Instead of trying to convince people with words & images – “walk your talk”. Give of your most valuable commodity: your time and energy to those in need. While you may be able to generate some “good will” short-term PR for these efforts (a photo opportunity or a mention in a local newspaper human interest story), I’m suggesting something much more long-term. An intentional system where you build a natural groundswell with people you meet face-to-face and help. Consider that some businesses invest their entire marketing budget on community involvement efforts (school donations, local homeless shelter support, in-kind donations to charities, etc.).
Remember that marketing’s goal is to explain your solution to your audience’s problem and give them a compelling reason to choose you. If you’re known as the organization that’s spreading its message through the community, then you’ve achieved your marketing goal: people choose you because you choose them. Long-term, it’s the right way to build your company to be positioned well.
If you think that this only works for local businesses, consider Salesforce.com Foundation‘s 1-1-1 model. They leverage 1% of the company’s product, equity, and time to improve communities around the world. To date, they’ve donated over $68 million in grants, 680,000 volunteer hours, and helped 23,000 nonprofits.
What can you do to help the world this year (and in coming years)?
(Photo by Vishal Patel)
The common wisdom is to “look before you leap”. In business, it’s considered reckless to act before understanding the marketplace, analyzing your competition, and weighing your options. Investors frequently ask for your “five-year plan”. But what if this thinking is (mostly) all wrong?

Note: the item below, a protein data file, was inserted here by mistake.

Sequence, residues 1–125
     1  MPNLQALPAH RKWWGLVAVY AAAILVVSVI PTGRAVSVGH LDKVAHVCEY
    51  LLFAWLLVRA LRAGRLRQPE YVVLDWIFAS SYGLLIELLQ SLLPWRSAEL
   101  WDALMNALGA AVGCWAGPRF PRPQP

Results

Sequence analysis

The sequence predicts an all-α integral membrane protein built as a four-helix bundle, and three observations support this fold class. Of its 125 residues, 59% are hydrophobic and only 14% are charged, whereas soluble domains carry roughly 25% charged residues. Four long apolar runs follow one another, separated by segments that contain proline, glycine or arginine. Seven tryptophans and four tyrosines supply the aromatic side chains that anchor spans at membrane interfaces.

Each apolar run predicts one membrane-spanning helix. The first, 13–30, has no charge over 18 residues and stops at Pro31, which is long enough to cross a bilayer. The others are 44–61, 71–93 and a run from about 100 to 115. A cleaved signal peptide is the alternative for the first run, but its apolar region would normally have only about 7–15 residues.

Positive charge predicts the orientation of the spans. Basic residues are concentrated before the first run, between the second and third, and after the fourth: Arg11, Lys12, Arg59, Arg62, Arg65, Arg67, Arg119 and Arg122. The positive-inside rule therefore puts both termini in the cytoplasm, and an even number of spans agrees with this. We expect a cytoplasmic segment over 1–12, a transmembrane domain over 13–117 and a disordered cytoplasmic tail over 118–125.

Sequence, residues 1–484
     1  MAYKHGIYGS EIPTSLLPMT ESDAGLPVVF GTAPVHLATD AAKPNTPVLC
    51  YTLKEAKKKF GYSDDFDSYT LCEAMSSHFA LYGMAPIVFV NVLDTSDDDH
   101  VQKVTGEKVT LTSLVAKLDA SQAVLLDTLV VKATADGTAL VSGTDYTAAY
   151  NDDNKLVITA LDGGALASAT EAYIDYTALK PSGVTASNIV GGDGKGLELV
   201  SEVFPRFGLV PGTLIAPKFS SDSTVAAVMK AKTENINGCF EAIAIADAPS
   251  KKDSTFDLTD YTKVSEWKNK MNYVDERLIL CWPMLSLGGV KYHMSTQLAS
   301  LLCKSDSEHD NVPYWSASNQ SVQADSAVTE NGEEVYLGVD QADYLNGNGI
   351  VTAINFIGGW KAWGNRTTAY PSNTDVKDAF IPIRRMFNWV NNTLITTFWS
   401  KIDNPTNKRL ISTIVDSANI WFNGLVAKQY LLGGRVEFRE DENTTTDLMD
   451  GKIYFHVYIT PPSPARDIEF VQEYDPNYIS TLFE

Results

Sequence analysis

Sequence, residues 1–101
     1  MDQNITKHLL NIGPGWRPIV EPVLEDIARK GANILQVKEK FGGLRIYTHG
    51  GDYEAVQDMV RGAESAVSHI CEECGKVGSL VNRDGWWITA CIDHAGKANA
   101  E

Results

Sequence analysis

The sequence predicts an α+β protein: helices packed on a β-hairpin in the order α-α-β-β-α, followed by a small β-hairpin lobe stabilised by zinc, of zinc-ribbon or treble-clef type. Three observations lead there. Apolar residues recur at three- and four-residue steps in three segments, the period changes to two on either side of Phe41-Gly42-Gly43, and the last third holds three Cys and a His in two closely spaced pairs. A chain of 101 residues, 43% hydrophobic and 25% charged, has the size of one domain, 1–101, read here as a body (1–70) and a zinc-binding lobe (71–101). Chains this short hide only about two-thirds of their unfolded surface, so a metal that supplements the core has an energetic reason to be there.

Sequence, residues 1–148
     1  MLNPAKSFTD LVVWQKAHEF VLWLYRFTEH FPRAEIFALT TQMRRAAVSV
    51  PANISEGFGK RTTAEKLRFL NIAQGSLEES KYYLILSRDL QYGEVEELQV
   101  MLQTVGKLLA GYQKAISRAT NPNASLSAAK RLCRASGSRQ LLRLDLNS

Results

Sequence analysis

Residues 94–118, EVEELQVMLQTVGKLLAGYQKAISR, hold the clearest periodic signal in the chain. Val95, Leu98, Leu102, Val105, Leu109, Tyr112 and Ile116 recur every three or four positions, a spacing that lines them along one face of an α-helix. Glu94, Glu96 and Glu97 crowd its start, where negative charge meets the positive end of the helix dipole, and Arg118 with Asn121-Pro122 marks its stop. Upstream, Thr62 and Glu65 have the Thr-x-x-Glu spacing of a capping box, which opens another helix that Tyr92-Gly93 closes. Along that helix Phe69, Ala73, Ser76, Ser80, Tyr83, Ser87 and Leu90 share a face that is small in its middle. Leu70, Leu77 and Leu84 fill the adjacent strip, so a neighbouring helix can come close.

As a marketing strategist, I advise companies large and small how to define a goal, and develop creative tactics to achieve their milestones. Big companies can afford to create long-term strategies and have the resources necessary to achieve them. Smaller companies generally can’t (and shouldn’t) – since they don’t have the resources nor the luxury of time. So what actions can a small company take?
Repeat the mantra for high-tech startups: Fail Early and Fail Often. Instead of spending time in research, startups spend their time creating cheap & fast tests that yield insights. They then combine the best aspects of their various tests to create a clear path for success (including being willing to scrap the new idea).
For example, before you spend the money to develop a new product, see if anyone wants to purchase it! Create a single website landing page test with an image of your proposed product and a description of the offering. Even put a price and a “buy now” button on the site. But since you don’t have the ability to sell it now, simply have the “buy now” button click to a signup page (to get notified when the product’s available). Then create pay-per-click (PPC) ads which are connected to your test landing page. After a day or two, you should have plenty of data – are people interested enough in your offering to buy it?